Jo-Ha-Kyu and the Japanese concept of time Figure 4 In conclusion, the Japanese concept of time can be seen as circular and focused on now. Its overall structure is relatively static and slow but the temporal fabric of each individual moment is dynamic and multi-dimensional. 3. 3.1. TIMBRE

Timbre and Vertical Time

Jonathan Kramer labels the form of time that emphasizes the present as vertical time [1]. Considering that vertical organization of pitches and instruments relates respectively to harmony and orchestration - two attributes of timbre,

The large scale level staticity and slowness of Gagaku music is strongly reflected in the approach to three primary aspects of timbre: the stability of orchestral function of the instruments, predictability of orchestration over time and the constant dynamic level. The instruments of the Japanese Imperial Court orchestra can be divided into three choirs: woodwinds, strings, and percussion. Each choir has a prescribed function that is never altered. The oboe (hichiriki) and the flute (ryteki) from the woodwind choir present the melody. The percussion choir consisting of a small twoheaded drum (kakko), a large hanging drum (taiko), and a small gong (shko), collaborates together to create a single rhythmic pattern, which marks off time units. The last group creates a bridge between the woodwinds and percussion by coloring key unpitched percussive attacks with pitched motives and harmony related to the melody. This group consists of the two plucked string instruments: the zither (koto) and the lute (biwa), and the remaining woodwind instrument - the mouth organ (sh). To start appreciating this unique timbral characteristic of Japanese music, one should imagine a symphony with all melodies played exclusively by the flute and oboe accompanied solely by the string instruments. The next step would be to transpose the same idea to a large body of symphonies. The orchestration of every Gagaku piece is highly predictable in the beginning and ending sections and entirely static for the rest of the time. The form of Etenraku is constructed with three melodic materials (A, B, and C) each eight measures long. Materials A and B appear four times, while material C appears two times according to the following formal design: AABBCCAABB. Since there is no tradition of melodic, harmonic, rhythmic, or orchestral development in this music, the material and orchestration of the sections are simply repeated, with the exception of the first and the last sections, which respectively act as a gradual fade-in and a gradual fade-out. The instruments entrance in the introduction follows a strictly preset order: the ryteki enters first, followed by the percussion instruments, the sh, which enters quasi- simultaneously with the hichiriki and finally the biwa and the koto. Once the full ensemble is playing, all instruments are present until the coda, during which instrument disappear following another preset order. The percussion stops first, followed by the woodwinds, finishing with biwa and koto.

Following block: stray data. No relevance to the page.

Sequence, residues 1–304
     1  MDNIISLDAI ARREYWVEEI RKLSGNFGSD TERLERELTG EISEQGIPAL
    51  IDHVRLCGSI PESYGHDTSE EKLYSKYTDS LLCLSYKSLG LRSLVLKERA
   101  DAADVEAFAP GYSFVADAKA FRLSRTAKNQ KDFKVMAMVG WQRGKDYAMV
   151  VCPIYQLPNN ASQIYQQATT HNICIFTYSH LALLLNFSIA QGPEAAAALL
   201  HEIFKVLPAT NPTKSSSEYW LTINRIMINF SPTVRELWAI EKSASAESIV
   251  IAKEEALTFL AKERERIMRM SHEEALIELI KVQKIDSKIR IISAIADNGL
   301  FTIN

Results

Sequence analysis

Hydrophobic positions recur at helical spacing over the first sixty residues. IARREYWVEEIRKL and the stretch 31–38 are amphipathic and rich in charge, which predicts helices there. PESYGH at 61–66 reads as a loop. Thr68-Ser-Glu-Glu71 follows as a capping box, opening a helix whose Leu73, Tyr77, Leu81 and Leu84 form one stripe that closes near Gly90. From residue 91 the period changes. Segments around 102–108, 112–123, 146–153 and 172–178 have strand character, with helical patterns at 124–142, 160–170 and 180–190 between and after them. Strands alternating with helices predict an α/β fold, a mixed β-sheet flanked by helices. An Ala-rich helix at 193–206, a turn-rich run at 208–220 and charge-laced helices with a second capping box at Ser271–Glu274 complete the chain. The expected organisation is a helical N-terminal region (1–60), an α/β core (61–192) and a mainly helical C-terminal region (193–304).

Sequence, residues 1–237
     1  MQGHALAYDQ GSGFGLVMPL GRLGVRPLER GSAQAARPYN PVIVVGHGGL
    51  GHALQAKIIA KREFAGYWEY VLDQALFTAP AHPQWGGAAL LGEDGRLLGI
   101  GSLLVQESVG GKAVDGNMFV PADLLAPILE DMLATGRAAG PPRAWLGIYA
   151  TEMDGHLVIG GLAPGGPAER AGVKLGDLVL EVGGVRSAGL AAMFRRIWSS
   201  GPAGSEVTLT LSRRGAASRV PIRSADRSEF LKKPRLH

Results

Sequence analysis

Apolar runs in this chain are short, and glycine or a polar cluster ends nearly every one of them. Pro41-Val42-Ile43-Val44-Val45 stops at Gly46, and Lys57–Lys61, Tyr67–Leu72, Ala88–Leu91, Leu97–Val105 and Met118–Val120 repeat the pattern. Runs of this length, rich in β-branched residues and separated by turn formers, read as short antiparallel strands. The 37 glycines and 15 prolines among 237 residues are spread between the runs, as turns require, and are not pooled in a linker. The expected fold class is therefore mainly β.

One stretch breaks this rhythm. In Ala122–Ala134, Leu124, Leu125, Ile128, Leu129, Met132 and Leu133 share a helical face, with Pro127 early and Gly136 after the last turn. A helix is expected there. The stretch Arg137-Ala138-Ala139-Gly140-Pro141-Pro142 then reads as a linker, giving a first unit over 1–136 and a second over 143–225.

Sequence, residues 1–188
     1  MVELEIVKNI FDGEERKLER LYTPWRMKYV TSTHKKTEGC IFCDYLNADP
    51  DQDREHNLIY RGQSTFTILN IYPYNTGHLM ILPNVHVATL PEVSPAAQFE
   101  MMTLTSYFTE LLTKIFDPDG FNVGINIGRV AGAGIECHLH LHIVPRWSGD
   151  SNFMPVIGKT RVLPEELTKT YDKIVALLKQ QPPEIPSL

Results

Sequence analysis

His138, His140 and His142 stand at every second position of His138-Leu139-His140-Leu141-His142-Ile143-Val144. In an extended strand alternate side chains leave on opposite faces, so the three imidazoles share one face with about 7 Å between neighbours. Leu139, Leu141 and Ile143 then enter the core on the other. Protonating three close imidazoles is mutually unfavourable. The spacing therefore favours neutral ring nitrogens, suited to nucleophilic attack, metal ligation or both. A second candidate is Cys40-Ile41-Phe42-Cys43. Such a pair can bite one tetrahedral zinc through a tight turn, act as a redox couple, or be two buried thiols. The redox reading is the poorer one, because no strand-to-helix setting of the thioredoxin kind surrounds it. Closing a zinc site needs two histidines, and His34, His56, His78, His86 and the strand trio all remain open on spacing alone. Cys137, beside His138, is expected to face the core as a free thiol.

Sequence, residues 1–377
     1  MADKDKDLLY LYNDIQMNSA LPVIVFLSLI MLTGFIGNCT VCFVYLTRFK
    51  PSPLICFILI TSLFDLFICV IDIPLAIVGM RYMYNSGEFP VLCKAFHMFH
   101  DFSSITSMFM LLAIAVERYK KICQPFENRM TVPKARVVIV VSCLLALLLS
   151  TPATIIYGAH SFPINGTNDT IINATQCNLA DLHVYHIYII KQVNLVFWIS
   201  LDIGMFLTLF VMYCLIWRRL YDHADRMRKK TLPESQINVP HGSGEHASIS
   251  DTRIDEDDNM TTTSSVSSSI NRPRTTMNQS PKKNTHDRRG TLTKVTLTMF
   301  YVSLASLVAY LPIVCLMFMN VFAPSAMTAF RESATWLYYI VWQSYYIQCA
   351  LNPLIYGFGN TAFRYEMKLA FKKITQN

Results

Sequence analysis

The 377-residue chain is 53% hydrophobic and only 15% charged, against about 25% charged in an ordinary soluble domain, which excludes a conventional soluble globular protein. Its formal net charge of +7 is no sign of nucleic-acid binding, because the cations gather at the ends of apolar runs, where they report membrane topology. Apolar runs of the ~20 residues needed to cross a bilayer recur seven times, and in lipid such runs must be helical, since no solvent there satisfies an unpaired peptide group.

The staticity of Gagaku is found also in its approach to dynamics. Disregarding the introductory and closing sections, the remaining sections are all played loudly in a constant dynamics. To summarize, most of the time Gagaku music is played by the full ensemble, with the flutes and oboes repeating the melodies over the static rhythmic patterns of the three percussion instruments, accompanied by a harmony played by the two string instruments and the mouth organ. Hence, the returns and even changes of sections do not create momentum or expectation of a climax, instead they create a sense of dj-vu and an impression of motionlessness. The large-scale approach to timbre reinforces the feeling of circularity of time and illustrates well the constancy of eternity. 3.3. Dynamic timbral characteristics

B, which in almost all instruments arrives in rhythmic phase. Note that traditionally the lowest pitch of the sh and the highest on the biwas are considered their principal melodic tones. The koto is the sole instrument to play its melodic B out-phased from the other instruments. On the other hand, the third beat of the second measure shows how the heterophonic technique adds color and texture to the melody. The A in the hichiriki matched by the sh, clashes with the F# and G of the ryteki and biwa respectively, transforming the melody into a harmony. This kind of treatment of melody seems to enhance primarily the timbral quality of the music.